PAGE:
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ing. The toad then sought for a stone or clod; but, as none was to be found, he lowered his head and crept along, pushing the locust against the ground. But the ground was too smooth (a rolled path) and the angle at which the locust lay to the ground too small, and thus no progress was made. "To increase the angle, he straightened up his hind-legs, but in vain. At length he threw up his hind-quarters, and actually stood on his head, or rather on the locust sticking out of his mouth, and, after repeating this once or twice, succeeded in getting himself outside his dinner."

On another occasion the author saw an American toad disposing of an earthworm in the following way. The worm was so long that it had to be swallowed by sections. But, while one end was in the toad's stomach, the other end was coiled about his head. "He waited until the worm's writhings gave him a chance, and swallowed half an inch; then, taking a nip with his jaws, waited for a chance to draw in another half-inch. But there were so many half-inches to dispose of that at length his jaws grew tired, lost their firmness of grip, and the worm crawled out five-eighths of an inch between each half-inch swallowing. The toad, perceiving this, brought his right hand to his jaws, grasping his abdomen with his foot, and, by a little effort getting hold of the worm in his stomach from the outside, he thus, by his foot, held fast to what he had gained by each swallow, and presently succeeded in getting the worm entirely down."


The Sun's Envelope.—Prof. Charles A. Young's paper, read at the American Association, on a liquid solar crust, led to a very animated discussion. The author is inclined to hold, with Faye, Secchi, and others, that the sun is mainly gaseous. At the same time, the eruptions which are continually occurring on its surface almost compel the supposition that there is a crust of some kind which retains the imprisoned gases, and through which they force their way in jets with great violence. According to the author, this crust may consist of a more or less continuous sheet of descending rain—that is, a downfall of the condensed vapors of those materials which we know from the spectroscope exist in the sun. The continuous efflux of the solar heat is equivalent to the supply that would be developed by the condensation from steam to water of a layer of about five feet thick over the whole surface of the sun every minute of time. As this tremendous rain descends, the velocity of the falling drops would be retarded by the resistance of the denser gases underneath; the drops would coalesce until a continuous sheet would be formed; and these sheets would unite and form a sort of bottomless ocean resting on the compressed vapors beneath, and pierced by innumerable ascending jets and bubbles. It would have an approximately constant depth, because it would turn to vapor at the bottom as rapidly as it grew at the surface, though probably the thickness of this crust would continually increase at a slow rate, and its whole diameter grow less.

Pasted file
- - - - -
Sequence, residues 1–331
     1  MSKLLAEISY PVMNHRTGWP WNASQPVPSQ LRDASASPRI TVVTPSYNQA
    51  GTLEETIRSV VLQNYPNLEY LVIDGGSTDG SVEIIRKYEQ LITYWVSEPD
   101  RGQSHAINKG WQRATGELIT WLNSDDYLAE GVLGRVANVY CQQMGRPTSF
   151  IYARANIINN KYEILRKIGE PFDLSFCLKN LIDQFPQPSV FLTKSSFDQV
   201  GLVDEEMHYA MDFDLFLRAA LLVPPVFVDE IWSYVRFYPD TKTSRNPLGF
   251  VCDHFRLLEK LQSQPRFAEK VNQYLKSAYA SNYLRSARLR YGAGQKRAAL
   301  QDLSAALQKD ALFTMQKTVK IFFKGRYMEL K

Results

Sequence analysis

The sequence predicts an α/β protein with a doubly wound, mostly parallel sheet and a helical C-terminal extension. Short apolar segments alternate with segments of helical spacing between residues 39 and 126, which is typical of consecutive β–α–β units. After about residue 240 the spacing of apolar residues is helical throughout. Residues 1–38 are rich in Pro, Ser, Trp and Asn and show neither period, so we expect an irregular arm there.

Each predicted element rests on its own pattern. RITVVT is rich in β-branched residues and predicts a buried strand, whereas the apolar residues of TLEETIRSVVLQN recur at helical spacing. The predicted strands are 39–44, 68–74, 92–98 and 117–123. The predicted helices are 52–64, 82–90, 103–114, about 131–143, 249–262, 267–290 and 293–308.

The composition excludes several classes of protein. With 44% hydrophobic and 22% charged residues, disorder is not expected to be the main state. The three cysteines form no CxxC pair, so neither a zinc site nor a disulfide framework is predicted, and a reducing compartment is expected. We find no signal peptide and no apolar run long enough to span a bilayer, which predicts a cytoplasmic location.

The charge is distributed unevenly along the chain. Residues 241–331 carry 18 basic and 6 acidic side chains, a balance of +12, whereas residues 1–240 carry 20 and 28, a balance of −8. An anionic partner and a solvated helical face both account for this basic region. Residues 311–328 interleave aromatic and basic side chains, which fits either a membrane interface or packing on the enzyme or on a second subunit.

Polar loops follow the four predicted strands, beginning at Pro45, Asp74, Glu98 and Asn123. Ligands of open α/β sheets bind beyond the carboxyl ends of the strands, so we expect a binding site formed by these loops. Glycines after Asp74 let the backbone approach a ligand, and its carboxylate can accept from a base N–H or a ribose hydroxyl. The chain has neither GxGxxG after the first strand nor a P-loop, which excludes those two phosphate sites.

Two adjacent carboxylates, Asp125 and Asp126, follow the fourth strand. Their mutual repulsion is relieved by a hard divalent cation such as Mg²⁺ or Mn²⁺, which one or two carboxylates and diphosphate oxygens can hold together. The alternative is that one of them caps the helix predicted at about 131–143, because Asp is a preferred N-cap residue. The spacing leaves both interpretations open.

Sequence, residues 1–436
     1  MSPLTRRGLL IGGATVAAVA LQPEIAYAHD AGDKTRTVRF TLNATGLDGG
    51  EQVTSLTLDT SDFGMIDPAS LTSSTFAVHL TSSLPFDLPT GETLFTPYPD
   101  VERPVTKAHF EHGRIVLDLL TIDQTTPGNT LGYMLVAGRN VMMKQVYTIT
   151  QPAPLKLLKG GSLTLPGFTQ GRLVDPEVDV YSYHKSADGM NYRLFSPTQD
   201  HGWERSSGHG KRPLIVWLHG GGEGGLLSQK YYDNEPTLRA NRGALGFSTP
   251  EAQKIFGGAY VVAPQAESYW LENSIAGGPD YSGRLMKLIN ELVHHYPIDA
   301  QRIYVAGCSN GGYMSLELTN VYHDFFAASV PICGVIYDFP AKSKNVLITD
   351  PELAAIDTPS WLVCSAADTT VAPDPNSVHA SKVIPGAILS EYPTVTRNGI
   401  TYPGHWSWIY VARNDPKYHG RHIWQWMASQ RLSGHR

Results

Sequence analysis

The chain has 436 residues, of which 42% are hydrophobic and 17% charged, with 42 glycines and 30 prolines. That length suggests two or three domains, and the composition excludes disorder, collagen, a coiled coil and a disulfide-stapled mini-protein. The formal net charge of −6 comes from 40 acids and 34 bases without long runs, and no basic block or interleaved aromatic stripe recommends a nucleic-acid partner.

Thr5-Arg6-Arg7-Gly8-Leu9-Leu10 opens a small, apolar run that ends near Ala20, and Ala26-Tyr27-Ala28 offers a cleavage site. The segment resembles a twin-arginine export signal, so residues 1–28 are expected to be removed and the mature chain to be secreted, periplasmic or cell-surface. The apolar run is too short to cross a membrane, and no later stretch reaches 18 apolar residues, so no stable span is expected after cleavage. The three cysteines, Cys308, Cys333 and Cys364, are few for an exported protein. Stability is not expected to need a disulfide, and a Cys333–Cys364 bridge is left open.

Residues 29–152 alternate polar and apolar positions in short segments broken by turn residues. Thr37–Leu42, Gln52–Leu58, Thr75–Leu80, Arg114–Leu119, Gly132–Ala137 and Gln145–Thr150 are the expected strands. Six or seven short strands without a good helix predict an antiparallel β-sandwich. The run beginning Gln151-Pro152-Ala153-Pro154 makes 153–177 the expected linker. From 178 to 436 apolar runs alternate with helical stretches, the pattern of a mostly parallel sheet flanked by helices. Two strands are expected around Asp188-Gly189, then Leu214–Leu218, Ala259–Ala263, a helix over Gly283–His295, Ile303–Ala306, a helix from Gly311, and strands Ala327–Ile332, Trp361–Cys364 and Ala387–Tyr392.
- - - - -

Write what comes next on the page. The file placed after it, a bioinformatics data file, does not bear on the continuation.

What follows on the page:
In other words, Dr. Young would regard the sun as an enormous bubble whose walls are steadily thickening, and its diameter ever lessening, in proportion to the loss of heat. The hypothesis offers no peculiar explanation of the sun-spots, but will agree with any of the current explanations of that phenomenon.



Prof. Strong, of the Drew Theological Seminary, Madison, N. J., is organizing an expedition to Egypt and the Holy Land. It will start about Christmas, and will embrace in its personnel, engineers, artists, scientists, and a select party of tourists, all under charge of Prof. Strong, assisted by Prof. T. Norman and Mr. George May Powell.

the Boston Medical and Surgical Journal reports a case of semi-asphyxiation from the inhalation of coal-gas, which was very successfully treated by the administration of oxygen. Four men sleeping in one room had inhaled coal-gas. Of these one died before medical aid arrived; the other three were taken to the hospital. Here fresh air and stimulants were resorted to, but the most marked effects followed the administration of oxygen gas. The inhalation of this agent was followed by an almost instantaneous improvement in the condition of the patients. It was found that the supply of oxygen had to be kept up for some time after the appearance of improved respiration, for, when the administration